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News Release

Partnership with Rocket Engine Startup Brings New 3D Metal Printer to UC San Diego

ARC co-founders Andy Kieatiwong (left) and Kyle Adriany
Photos by Erik Jepsen/UC San Diego Publications

San Diego, Calif., Jan. 24, 2019 -- Additive manufacturing at UC San Diego is about to take off, thanks to a partnership with a local startup that specializes in 3D-printed rocket engines. Now, aspiring inventors and innovators at the university can make their creations real with the startup’s powerful 3D metal printer.

 

“When we started out as undergraduates at UC San Diego involved in the Students for the Exploration and Development of Space (SEDS), we wished we had access to such equipment. Now, this cutting edge capability is available to everyone at UC San Diego,” said UC San Diego alumnus Kyle Adriany, co-founder of Additive Rocket Corporation (ARC).

ARC was also cofounded by Andy Kieatiwong, a Jacobs School alumnus.  The company's mission is to use 3D metal printing to reduce the cost of rocket engines and make space exploration more accessible to industry and the public. 

ARC is currently housed in the Qualcomm Institute Innovation Space, or QIIS, an incubator space for startup companies and national laboratories. QIIS embodies QI’s dedication to scientific progress and innovation by bringing partners in the private and public sector together with university researchers.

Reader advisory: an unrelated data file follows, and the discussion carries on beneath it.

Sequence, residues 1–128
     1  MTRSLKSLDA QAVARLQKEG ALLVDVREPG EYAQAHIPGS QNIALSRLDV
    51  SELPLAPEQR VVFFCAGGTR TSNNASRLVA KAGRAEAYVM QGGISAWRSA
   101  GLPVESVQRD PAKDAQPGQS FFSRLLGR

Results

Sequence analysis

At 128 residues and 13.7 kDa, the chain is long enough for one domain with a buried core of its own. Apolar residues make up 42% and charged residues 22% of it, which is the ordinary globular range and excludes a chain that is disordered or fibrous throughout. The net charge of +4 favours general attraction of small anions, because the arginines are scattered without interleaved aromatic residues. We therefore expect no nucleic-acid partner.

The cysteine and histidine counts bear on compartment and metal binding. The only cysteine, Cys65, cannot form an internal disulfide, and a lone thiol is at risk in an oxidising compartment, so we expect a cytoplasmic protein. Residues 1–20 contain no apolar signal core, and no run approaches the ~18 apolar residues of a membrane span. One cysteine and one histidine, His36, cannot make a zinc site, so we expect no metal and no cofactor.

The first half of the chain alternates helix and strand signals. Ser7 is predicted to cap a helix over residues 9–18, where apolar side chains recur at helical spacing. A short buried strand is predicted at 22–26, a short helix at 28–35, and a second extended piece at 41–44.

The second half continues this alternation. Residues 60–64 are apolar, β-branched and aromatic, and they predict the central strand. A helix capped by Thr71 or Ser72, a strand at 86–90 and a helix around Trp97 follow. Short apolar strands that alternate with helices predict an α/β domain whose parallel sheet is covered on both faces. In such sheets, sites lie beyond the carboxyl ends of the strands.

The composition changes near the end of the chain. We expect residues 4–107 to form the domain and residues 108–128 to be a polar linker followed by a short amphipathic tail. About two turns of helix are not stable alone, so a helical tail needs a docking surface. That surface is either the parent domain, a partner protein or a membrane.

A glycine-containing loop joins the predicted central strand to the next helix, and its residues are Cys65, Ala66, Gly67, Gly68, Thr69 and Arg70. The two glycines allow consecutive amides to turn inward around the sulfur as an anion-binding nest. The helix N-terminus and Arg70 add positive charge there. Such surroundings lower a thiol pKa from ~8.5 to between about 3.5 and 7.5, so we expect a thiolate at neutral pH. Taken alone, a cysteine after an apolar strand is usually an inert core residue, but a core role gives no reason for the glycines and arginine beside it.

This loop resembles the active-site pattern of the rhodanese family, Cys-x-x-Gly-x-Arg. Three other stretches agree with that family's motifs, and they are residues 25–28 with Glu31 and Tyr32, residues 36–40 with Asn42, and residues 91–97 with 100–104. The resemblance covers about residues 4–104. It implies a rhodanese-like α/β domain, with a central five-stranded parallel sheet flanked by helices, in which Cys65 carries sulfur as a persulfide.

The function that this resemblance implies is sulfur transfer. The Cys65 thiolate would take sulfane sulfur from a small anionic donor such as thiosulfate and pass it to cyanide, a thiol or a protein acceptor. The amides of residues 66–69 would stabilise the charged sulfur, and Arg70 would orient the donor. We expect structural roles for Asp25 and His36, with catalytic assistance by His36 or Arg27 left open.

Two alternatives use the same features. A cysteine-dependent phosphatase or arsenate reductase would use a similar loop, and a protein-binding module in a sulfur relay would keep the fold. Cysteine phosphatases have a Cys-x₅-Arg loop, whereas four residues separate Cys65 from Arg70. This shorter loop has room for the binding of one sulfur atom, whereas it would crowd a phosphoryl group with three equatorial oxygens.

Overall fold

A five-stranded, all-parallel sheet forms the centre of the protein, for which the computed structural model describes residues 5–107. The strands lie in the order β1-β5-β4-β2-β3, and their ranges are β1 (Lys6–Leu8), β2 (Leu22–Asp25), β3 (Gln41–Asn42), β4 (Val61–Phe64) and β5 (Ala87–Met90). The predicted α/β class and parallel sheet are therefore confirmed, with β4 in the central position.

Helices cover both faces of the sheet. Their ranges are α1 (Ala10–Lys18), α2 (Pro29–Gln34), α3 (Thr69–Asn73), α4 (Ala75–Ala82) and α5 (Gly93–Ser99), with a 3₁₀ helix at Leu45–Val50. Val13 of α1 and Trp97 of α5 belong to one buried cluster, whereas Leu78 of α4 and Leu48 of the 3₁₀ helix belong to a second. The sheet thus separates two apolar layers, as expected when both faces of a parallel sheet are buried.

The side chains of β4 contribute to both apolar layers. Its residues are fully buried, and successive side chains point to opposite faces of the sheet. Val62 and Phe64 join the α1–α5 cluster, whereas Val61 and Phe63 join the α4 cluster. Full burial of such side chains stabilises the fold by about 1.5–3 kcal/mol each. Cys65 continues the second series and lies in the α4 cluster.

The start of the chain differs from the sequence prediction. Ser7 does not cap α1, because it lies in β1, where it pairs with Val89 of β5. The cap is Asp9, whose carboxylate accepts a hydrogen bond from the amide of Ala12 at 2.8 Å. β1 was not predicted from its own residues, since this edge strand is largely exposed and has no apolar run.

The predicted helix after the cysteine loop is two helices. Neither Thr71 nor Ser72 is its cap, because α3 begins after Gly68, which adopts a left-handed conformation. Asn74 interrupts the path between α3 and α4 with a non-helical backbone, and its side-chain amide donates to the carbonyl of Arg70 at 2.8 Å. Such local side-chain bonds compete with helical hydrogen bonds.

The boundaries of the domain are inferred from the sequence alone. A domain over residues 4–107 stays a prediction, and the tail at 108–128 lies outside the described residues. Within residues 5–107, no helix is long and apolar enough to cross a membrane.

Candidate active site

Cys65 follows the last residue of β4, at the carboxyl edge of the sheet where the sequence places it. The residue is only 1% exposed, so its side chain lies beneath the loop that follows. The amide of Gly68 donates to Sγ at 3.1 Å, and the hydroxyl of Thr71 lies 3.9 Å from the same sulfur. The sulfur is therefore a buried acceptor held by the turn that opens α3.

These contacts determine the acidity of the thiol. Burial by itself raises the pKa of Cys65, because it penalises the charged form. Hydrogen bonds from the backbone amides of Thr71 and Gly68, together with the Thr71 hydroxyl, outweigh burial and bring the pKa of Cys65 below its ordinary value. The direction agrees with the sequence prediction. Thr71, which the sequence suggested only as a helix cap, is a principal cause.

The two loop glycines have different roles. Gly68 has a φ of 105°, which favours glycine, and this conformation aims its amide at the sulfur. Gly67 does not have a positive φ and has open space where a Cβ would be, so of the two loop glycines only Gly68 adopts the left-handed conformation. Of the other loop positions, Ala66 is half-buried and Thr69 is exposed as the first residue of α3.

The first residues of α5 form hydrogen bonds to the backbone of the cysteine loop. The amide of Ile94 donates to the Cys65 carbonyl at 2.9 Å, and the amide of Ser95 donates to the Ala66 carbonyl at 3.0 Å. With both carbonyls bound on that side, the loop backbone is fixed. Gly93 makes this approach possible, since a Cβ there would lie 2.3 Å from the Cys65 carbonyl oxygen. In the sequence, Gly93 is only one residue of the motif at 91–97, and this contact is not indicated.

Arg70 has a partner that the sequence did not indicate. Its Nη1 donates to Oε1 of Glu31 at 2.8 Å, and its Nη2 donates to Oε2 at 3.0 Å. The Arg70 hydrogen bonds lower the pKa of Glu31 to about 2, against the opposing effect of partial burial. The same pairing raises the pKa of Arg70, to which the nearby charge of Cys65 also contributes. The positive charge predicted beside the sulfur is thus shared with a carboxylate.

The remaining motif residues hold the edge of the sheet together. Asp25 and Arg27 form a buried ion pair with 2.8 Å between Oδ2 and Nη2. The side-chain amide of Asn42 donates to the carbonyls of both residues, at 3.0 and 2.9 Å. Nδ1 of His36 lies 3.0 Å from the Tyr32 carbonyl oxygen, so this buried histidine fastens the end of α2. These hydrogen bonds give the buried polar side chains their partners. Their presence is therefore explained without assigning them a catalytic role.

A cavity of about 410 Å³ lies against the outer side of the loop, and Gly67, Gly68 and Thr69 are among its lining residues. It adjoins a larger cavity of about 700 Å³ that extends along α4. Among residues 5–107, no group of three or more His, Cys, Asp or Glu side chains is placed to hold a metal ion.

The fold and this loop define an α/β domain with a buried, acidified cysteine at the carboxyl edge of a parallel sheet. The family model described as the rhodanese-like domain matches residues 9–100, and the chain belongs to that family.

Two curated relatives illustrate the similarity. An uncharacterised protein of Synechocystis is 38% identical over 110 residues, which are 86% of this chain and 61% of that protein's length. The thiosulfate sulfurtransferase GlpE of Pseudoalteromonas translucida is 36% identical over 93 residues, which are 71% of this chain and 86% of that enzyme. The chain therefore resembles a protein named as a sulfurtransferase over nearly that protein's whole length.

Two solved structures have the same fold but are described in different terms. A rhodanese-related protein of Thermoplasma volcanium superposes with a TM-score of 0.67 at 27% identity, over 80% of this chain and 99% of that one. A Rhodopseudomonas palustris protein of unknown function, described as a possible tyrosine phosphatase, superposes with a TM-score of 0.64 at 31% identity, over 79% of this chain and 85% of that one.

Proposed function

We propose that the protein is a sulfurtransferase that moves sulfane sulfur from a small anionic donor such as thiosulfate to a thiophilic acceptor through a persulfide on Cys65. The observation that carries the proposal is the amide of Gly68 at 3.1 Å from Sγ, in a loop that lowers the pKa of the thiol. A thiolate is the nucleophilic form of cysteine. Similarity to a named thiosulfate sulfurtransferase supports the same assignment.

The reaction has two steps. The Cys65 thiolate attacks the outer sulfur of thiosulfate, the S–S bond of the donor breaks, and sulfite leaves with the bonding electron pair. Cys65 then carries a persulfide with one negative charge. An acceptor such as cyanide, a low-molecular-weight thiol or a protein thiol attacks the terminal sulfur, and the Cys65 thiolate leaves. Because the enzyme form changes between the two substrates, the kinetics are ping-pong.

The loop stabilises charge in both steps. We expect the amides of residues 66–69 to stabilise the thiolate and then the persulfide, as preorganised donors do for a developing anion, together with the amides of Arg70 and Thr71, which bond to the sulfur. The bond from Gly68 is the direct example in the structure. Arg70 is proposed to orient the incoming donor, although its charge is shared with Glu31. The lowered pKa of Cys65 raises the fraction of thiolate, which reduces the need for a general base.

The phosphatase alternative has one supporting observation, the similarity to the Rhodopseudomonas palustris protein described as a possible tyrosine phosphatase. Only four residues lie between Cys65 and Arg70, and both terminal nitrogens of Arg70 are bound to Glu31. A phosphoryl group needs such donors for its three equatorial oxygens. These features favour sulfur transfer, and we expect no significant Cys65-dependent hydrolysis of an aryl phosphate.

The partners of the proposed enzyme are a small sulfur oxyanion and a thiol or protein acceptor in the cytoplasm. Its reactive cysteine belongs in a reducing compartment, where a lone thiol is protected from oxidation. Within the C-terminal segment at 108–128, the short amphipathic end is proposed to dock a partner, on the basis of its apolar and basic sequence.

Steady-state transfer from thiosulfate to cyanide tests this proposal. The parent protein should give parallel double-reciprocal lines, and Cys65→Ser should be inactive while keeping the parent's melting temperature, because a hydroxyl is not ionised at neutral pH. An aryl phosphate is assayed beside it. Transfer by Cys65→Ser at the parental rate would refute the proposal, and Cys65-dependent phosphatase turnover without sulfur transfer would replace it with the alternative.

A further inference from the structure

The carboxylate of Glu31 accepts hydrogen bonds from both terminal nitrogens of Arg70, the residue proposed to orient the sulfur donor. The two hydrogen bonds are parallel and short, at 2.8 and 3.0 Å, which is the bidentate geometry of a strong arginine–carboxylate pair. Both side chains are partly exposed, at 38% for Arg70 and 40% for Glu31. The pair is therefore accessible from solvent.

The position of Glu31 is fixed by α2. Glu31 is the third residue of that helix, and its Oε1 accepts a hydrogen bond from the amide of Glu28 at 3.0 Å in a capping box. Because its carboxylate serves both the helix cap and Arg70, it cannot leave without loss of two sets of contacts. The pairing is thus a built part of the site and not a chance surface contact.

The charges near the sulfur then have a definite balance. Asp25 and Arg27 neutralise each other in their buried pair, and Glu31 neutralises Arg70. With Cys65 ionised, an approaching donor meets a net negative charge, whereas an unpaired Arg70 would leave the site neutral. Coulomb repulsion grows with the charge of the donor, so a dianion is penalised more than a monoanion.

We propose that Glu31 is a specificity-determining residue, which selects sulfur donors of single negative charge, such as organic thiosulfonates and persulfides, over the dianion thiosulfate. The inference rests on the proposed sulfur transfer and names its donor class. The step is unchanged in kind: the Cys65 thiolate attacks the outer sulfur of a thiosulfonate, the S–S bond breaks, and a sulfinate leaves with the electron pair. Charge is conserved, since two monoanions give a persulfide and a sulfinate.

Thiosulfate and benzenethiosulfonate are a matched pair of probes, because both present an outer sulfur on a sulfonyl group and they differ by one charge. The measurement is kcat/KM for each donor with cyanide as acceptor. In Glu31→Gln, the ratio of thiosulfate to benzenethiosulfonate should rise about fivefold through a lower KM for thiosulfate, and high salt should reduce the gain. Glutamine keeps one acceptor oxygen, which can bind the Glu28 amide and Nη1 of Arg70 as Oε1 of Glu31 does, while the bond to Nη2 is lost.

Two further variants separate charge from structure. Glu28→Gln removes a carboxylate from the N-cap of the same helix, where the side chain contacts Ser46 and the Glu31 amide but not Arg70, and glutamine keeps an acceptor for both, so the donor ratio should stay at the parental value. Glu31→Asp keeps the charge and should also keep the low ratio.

The 3D metal printer is located in the Qualcomm Institute’s Prototyping Lab on the first floor of Atkinson Hall. ARC has invited research groups, students, faculty and staff at UC San Diego to apply through the Prototyping Lab for a chance to print new tools and devices for their research and more. The printer will give users the freedom to work with diverse materials and to design their products with fewer manufacturing limits.

While most 3D printers use relatively inexpensive plastics or polymers, these materials can be limited in their strength and their ability to withstand extreme temperatures. Metals, on the other hand, generate a 3D-printed product that is stronger and more durable than one made of plastics or polymers, and lighter than anything created by traditional means.

 

3D printers also have the benefit of flexibility in design. Instead of having to work around the restrictions of regular, industrial machinery, engineers like Adriany and ARC co-founder Kieatiwong are free to create whatever layout is most effective for their needs. The user can choose the parameter they would like to optimize (e.g. fluid flow), and build with that in mind.

 

Media Contacts

Alicia Clarke
Qualcomm Institute
858-822-5825
amclarke@eng.ucsd.edu